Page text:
Chief executives of the UK’s top firms have more technological experience than ever before, helping them better deal with a digitally-focused world, a new study has shown.
The annual Robert Half CEO tracker, released today, has shown that the proportion of FTSE 100 chief executives with a background in technology increased by 27 per cent in the last year, with 14 per cent now having a background in the sector in 2019.
However, diversity among FTSE 100 chief executives has decreased in 2019, with the number of female heads of firms decreasing from seven per cent in 2018 to six per cent.
The average age for a FTSE 100 boss is 55, unchanged from the previous two years, while 18 per cent are Oxbridge educated, an increase from 16 per cent in 2017.
Financial experience has seen a resurgence amongst the UK’s top bosses, with the number of CEOs with a background in banking or similar sectors increasing from 40 per cent in 2018 to over half in 2019.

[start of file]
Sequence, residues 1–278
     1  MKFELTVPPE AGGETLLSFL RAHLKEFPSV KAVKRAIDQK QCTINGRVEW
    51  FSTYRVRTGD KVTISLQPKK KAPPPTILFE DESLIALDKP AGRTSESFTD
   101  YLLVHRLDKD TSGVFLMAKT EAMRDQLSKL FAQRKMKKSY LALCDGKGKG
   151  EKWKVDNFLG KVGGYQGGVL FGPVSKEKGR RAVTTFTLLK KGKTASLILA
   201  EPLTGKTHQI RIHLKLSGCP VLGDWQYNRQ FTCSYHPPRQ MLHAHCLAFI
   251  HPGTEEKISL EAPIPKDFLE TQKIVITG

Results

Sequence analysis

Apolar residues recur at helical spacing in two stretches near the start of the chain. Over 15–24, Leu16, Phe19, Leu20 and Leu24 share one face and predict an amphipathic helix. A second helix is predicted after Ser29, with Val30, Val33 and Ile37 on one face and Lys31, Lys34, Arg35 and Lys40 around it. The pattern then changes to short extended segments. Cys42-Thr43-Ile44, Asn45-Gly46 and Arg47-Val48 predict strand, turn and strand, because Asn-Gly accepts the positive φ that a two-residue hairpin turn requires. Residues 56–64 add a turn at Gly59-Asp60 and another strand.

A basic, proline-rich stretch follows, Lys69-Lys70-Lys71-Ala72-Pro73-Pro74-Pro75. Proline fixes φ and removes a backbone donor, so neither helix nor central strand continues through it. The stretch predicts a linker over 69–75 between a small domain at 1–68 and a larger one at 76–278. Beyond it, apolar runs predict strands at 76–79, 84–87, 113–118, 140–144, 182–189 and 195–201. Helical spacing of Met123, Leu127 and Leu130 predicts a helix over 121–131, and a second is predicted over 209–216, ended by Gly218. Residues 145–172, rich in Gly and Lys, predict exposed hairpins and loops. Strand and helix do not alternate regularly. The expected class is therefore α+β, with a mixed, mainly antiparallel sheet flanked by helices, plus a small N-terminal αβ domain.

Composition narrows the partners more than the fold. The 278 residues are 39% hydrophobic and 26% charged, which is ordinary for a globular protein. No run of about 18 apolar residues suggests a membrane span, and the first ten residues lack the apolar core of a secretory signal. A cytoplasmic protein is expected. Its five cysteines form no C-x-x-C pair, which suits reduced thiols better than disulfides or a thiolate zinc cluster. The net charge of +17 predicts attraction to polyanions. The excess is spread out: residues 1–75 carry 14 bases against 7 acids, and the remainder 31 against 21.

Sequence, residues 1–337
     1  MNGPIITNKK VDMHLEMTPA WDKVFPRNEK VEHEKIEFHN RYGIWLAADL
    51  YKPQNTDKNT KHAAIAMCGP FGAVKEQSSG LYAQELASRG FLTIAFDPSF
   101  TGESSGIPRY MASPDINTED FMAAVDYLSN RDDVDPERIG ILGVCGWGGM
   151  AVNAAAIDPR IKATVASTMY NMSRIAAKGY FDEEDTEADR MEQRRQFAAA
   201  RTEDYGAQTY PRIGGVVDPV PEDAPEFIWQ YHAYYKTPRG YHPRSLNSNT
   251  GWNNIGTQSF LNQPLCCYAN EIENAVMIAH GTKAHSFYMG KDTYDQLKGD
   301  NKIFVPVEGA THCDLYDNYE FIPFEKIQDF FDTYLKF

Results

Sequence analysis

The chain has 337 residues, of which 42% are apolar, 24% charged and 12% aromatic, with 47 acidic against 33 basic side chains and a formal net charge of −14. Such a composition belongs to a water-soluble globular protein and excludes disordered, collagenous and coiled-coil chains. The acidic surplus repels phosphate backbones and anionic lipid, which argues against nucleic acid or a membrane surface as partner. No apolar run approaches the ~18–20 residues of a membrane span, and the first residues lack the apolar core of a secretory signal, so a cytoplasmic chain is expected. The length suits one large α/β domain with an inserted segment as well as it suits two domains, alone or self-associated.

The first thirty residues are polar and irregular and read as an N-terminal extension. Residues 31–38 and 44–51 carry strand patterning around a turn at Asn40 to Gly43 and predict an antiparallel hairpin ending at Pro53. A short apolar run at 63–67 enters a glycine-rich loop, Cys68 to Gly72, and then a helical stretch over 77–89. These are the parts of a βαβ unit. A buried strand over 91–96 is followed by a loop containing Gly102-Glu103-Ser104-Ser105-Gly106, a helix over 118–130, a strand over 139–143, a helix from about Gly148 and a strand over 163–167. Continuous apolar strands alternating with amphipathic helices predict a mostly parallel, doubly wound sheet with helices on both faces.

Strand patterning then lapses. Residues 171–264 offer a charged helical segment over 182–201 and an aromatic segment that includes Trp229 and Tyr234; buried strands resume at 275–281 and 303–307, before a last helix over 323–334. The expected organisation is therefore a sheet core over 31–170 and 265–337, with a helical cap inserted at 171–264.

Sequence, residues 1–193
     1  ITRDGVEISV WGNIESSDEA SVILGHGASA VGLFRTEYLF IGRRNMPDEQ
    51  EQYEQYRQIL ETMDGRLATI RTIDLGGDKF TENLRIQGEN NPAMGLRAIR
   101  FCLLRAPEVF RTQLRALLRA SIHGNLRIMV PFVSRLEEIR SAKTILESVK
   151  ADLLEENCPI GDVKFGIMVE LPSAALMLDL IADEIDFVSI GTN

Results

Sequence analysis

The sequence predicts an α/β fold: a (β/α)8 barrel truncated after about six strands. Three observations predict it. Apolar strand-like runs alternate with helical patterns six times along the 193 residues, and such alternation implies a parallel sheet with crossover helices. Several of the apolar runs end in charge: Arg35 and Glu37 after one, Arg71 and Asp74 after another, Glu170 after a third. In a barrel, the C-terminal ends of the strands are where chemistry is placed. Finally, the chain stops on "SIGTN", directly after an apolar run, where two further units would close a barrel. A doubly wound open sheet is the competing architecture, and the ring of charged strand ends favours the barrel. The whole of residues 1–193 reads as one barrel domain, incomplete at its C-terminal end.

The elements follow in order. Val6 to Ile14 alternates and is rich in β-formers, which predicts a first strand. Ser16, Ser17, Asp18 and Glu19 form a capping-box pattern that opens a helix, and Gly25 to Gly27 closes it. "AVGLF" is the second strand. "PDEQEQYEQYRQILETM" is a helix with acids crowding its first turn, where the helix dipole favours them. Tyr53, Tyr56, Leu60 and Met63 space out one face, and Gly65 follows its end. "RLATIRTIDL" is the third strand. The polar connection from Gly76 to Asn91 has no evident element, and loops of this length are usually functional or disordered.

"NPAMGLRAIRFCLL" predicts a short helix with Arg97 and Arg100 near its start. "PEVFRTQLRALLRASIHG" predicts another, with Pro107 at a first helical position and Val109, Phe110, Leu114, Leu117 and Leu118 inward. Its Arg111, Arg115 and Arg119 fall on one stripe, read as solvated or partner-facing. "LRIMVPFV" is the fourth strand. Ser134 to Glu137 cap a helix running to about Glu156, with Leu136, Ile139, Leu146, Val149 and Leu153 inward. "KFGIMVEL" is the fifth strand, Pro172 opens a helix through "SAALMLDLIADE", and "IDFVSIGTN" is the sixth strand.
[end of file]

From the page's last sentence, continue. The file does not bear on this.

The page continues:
Finance remains the most common route to the top, but the trend is declining. The number of bosses with a banking or similar background having fallen from 55 per cent in 2016 to 43 per cent a year later.
The CEO tracker showed that the number of chiefs promoted internally has surged in 2019, with nearly half of current heads of firms having been appointed as a result of internal promotion. This compares to 30 per cent in 2018.
Charlie Grubb, UK managing director of Robert Half Executive Search, said: “Today’s CEOs require a changing blend of skills and experience to successfully lead their businesses into the future, with backgrounds in technology and finance equipping an increasing number with the ability to do so.”
“This is a trend that is increasingly becoming a focus for executive and senior leadership hires within a business as well – especially when coupled with invaluable softer skills such as communication, adaptability and resilience.”